Question: Can you give your insight on where you see (Kings basketball president Geoff) Petrie taking this team? Is he still trying to create a defensive team, an offensive team, young team, athletic team, etc.? I look at the parts and I have no idea what type of team he is trying to create. I'm thoroughly disappointed in the product we have. I look at Portland and like what they've done. Phoenix just four years ago was awful. Why can't we get involved in trades that bring back young talent rather than bringing old parts and bad contracts? - Gary, Rocklin

Answer: In terms of philosophy, I think the defensive talk is just a phase so long as Petrie's running the ship. He wants scorers, and lots of them, with a roster includes skilled players both big and small with the hopes of playing a unique brand of basketball like they did a few years back.
As for how he does that, it's obvious that he has recently become fully committed to going young and sincerely entering the rebuilding phase. He's passed up on trades because they didn't include either draft picks or the other team's best young guys, and he'll continue to be stubborn in moving his guys until he gets that sort of compensation.
The moves that don't jive with that philosophy may have been made in the interim, and mostly as it pertains to the power forward spot. They haven't been able to move Kenny Thomas, but they signed veteran Shareef Abdur-Rahim to a five-year deal nonetheless. When Abdur-Rahim was hobbled, they went out and added then-31-year-old Mikki Moore. What's interesting is that Moore's contract shows that the direction of the mentality. He got the full midlevel exception just like Abdur-Rahim and John Salmons did, but was only given a three-year deal in which only $2 million was guaranteed in the third year.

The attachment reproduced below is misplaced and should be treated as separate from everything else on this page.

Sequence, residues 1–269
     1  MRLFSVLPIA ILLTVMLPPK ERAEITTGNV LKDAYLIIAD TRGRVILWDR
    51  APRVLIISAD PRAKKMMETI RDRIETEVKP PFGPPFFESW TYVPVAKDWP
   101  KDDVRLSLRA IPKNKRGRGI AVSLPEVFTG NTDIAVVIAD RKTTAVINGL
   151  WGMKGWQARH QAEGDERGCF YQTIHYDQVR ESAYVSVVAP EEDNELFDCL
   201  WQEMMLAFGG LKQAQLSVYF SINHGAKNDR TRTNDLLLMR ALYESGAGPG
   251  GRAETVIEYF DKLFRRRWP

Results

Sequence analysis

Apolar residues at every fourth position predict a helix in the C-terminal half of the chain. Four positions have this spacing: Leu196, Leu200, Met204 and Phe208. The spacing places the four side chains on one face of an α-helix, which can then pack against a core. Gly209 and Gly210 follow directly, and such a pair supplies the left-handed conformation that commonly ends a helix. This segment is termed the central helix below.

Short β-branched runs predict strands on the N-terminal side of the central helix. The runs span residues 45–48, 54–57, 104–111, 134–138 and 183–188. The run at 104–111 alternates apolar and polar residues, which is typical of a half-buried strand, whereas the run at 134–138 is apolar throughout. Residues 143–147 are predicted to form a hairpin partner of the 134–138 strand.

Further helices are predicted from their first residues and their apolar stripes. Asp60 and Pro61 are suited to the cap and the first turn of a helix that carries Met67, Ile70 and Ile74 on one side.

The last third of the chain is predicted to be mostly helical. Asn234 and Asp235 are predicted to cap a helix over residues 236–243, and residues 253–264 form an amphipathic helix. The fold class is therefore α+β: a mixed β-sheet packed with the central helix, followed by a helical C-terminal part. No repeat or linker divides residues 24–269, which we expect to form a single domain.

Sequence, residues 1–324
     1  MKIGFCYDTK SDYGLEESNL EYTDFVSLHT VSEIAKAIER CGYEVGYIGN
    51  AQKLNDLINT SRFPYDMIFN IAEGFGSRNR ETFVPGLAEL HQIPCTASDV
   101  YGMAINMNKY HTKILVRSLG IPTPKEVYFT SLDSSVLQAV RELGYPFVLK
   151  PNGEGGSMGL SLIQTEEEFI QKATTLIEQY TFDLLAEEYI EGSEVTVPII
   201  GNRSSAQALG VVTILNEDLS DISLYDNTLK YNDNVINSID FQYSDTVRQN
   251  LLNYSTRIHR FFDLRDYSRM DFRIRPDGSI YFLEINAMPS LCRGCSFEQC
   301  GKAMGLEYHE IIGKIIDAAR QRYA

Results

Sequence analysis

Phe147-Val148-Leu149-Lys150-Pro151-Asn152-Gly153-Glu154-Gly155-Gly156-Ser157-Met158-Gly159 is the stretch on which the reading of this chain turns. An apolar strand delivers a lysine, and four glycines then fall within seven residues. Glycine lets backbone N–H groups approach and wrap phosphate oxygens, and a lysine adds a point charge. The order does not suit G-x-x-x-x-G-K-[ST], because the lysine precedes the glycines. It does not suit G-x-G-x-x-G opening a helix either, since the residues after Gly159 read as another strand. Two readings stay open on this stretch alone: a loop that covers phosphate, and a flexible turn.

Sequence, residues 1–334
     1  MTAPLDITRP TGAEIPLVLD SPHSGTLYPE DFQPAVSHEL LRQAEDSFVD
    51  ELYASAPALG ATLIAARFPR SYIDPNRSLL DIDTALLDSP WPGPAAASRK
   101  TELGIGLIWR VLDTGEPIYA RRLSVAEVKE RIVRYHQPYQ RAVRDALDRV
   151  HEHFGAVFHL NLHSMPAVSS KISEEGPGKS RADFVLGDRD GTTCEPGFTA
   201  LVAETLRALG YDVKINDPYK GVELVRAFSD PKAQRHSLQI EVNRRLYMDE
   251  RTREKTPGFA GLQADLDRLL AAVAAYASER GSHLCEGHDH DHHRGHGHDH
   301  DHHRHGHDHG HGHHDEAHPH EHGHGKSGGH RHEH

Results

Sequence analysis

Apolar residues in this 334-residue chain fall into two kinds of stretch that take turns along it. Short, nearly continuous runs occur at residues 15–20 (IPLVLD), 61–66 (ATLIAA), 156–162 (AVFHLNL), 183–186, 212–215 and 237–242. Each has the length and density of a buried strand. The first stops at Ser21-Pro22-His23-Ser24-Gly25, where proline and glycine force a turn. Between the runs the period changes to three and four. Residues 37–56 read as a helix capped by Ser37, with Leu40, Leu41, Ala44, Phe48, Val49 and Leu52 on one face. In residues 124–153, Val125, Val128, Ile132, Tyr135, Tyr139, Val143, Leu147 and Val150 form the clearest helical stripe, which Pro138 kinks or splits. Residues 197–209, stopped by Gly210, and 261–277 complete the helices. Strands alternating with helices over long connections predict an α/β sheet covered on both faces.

Translation: Right about that time is when the Kings hope to have their younger, more athletic, more talented new core in place and be back on their feet. It's never fast enough for the fans, but hang in there.

Question: Sam, going small with Bibby, Salmons, Martin, Artest and Miller, followed by Udrih, Douby, Garcia, Shareef/Moore, Hawes/ Watkins?
The up side of no Bibby and Artest is that we get to see Garcia, Salmons, and Watkins. I hope Hawes can play with his back to the basket as well as I've heard! The bigs are killing us. I think Miller was more effective when Chris Webber was injured and he played the (power forward spot) and maybe if Hawes is as good a round the basket as they say then Miller can play the (power forward) and Hawes the (center spot)? We need Hawes, Bibby, Artest to be in games. - Bob Snyder, Rancho Cordova

Answer: A few too many cups of coffee this morning, Bob? You were all over the map there. Some good comments, though. In particular, keep an eye out for a variation of the small starting lineup you suggested once Bibby gets back. Safe to say the poor play of the bigs will most definitely lead the Kings to going small.